If the private sector is better positioned to do this in a particular country or region, why should the poor be held hostage to what is essentially an ideological question of public vs. private provision?He then answers it with sound logic: Use private OR public provision (whichever is cheaper) and increase access by direct subsidies to poor people.
Little also makes a critical observation:
Is the public interest well-served by a system where prices are kept artificially so low for everyone, including those who can well afford to pay, as to preclude the delivery of an adequate supply of safe, reliable water and where sufficient revenue cannot be generated to support routine maintenance, repair, and renovation?No it isn't, of course. Although this appears to contradict my prescription -- "Some water for free, pay for more" -- comes from a different angle. Little wants to make sure that system costs are paid, as do I. He thinks that everyone should pay the full cost of service and that the poor should be supported through direct subsidies. Although I do not rule out income subsidies, I propose "some for free" without qualification in recognition of the human right that we all should receive, regardless of income. As I explain here, that block of cheap/free water is NOT incompatible with full cost recovery. So we can eat our cake and have it too, eh?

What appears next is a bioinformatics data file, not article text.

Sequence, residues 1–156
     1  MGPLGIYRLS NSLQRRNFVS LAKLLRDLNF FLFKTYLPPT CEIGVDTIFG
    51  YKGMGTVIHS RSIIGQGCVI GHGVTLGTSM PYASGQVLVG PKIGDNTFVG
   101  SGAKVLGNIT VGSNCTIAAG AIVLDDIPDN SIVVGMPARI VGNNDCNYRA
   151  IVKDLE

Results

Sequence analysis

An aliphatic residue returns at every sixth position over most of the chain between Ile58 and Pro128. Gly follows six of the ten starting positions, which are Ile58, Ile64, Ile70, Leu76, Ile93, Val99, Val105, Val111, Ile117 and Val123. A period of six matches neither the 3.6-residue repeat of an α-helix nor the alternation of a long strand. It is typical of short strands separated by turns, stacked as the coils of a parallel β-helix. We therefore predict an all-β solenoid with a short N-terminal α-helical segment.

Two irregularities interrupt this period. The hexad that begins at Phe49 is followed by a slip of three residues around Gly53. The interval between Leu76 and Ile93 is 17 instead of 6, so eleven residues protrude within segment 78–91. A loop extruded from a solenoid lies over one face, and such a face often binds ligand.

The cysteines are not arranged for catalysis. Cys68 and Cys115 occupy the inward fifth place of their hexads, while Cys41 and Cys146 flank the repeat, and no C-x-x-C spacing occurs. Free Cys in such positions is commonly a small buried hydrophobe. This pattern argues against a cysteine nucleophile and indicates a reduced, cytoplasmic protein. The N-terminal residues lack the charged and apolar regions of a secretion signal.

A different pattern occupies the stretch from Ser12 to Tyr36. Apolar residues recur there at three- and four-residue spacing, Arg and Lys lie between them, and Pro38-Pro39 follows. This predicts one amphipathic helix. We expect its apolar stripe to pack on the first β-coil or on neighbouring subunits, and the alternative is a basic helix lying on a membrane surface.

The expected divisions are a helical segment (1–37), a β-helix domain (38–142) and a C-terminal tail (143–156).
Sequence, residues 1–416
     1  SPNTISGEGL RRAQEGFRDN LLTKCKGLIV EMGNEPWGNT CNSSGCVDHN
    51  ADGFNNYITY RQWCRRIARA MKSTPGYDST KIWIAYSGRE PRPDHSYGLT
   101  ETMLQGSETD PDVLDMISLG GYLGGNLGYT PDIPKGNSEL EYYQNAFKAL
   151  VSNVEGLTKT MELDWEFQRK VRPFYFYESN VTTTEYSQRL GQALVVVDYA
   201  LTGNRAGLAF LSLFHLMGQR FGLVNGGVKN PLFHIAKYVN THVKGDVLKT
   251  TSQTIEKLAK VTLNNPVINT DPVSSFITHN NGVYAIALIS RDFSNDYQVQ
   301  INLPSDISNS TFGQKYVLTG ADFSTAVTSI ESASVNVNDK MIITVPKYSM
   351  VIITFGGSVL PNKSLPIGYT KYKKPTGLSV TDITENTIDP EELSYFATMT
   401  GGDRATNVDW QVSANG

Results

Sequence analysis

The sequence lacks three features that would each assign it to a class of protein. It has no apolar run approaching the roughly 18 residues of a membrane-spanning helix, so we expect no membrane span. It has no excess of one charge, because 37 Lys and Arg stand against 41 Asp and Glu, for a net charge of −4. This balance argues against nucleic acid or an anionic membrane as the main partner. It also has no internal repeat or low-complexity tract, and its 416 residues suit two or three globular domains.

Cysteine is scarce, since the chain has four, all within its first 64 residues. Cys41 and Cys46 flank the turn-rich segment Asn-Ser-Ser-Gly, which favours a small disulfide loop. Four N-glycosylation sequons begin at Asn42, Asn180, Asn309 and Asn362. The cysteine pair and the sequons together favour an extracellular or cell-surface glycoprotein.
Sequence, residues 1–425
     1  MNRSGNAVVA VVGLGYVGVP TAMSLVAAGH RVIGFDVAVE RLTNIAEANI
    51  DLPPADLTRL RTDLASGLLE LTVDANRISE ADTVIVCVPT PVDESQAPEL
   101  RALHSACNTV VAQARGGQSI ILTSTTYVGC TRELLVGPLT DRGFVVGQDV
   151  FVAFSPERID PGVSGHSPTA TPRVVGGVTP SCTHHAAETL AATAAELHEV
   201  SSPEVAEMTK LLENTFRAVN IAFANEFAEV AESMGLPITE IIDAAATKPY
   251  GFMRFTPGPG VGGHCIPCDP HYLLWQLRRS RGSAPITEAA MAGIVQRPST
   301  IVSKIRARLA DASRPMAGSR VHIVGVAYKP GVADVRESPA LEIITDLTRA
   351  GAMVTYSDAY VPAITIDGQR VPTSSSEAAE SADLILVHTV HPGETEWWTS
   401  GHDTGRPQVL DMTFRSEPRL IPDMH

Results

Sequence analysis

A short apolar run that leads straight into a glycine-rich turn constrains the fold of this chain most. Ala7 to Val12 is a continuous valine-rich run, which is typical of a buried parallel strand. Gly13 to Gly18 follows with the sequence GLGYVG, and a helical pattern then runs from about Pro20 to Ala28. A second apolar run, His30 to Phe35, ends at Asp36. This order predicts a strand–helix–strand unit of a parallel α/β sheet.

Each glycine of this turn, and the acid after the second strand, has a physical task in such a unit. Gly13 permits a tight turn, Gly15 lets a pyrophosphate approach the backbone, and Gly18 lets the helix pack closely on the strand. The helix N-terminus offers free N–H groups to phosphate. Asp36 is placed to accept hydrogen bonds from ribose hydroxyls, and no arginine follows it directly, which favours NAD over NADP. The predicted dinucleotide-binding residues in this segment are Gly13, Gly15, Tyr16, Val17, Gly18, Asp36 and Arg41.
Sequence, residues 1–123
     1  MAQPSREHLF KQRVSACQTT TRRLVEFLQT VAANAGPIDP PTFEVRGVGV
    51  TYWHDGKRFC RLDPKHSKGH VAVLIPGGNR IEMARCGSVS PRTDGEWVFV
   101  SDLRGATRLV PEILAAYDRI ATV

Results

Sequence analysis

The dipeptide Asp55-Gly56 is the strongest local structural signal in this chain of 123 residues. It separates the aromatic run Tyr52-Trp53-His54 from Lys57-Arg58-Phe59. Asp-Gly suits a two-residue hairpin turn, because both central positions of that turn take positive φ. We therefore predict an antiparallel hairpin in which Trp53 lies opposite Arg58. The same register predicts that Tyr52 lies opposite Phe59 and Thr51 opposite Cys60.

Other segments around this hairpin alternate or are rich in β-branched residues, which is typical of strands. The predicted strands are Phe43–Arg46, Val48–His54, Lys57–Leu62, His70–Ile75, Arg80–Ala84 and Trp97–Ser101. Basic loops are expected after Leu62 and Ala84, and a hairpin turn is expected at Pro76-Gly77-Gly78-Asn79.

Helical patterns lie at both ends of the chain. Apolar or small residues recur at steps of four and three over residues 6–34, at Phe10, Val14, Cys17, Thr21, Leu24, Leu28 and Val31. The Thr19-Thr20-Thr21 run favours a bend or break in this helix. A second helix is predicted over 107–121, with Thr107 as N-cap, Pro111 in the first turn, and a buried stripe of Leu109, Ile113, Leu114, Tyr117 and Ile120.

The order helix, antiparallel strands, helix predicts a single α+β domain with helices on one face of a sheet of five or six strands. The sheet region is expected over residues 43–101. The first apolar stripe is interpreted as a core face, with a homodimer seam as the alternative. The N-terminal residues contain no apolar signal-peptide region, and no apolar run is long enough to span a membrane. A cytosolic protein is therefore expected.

Bottom Line: The poor don't care who they get their water from, as long as it's clean and cheap.